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Unformatted text preview: te the energy release or the Q values of the following fission reactions:
a) 0n1 + 92U235 3 0n1 + 53I137 + 39Y96
b) 0n1 + 92U235 3 0n1 + 54Xe136 + 38Sr97
c) 0n1 + 92U235 2 0n1 + 56Ba137 + 36Kr97
Show the data you used in your calculations and mention their source. Feb. 15 For the four fusion reactions:
1. 1D2 + 1T3
2. 1D2 + 1D2
3. 1D2 + 1D2
4. 1D2 + 2He3
Apply conservation of momentum to determine the energies carried by the resulting
product particles and nuclei. Feb. 17 For the naturally occurring nuclides, use a plotting routine to display the nuclear
stability graph of the atomic number Z, against neutron number N.
Discuss briefly the general features for the generated graph, for instance the
positions of the magic numbers, where the proton and neutron rich nuclei are, their
favored modes of radioactive decay, the heavy elements island of stability and the
departure from the line Z=N for the heavy nuclei. Feb. 20 Calculate the Q values of the following nuclear reactions:
a) 9F18 8O18 + +1e0 + ν (Positron decay reaction)
b) 6C11 5B11 + +1e0 + ν (Positron decay reaction)
c) 29Cu64 + -1e0 28Ni64 + ν (neutrino) (Orbital electron capture reaction)
d) 1T3 -1e0 + 2He3 + ν* (antineutrino) (Negative beta decay reaction)
e) 94Pu239 2He4 + 92U235 (Alpha particle decay reaction) Feb. 22 1. Use either form of the law of radioactive decay to plot the decay curve N(t)/N0
for tritium, 1T3, as a function of time t.
2. Plot the decay curve for Pu239.
3. Plot the decay curve for U235.
Data mine for the half-lives of these isotopes in the Table of the Nuclides. Feb. 24 Consider the isotope Ra226. Using Avogadro’s law, calculate its specific activity or
the activity of 1 gram of material in the SI system’s unit of Becquerel (Bq).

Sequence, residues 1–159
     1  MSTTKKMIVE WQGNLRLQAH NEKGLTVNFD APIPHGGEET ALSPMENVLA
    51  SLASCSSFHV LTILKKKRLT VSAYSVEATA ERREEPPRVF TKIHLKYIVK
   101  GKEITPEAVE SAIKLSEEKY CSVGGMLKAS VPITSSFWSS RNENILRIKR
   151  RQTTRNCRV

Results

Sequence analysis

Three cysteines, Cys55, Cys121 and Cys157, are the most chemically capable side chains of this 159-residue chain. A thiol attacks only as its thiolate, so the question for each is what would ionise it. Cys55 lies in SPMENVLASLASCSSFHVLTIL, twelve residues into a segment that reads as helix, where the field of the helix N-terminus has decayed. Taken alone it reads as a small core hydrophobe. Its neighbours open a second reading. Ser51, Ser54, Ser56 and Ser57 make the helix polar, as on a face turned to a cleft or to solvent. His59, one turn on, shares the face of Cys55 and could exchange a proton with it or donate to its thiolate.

Discuss its relationship to the conventional system’s Curie (Ci) unit of activity.
You can obtain the half life of the radium226 isotope from the Table of the Nuclides. You may wish to use the links on the class’ web page to data mine for information
The production of Carbon14 with a half life of 5730 years is an ongoing nuclear
transformation from the neutrons originating from cosmic rays bombarding
Nitrogen14 in the Earth’s atmosphere:
0 n1 + 7 N 14 → 1 H 1 + 6 C14
6 C14 → −1 e0 + 7 N 14 −−−−−−−−−−−−−−
0 14 Feb. 20 Mar. 1st n1 → −1 e0 + 1 H 1 Where Nitrogen14 and Carbon14 appear as catalysts in the overall reaction leading to
the disintegration of a neutron into a proton and an electron.
The atmospheric radiocarbon exists as C14O2 and is inhaled by all fauna and flora.
Because only living plants continue to incorporate C14, and stop incorporating it
after death, it is possible to determine the age of organic archaeological artifacts...
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This note was uploaded on 01/24/2014 for the course NPRE 402 taught by Professor Ragheb,m during the Winter '08 term at University of Illinois, Urbana Champaign.
- Winter '08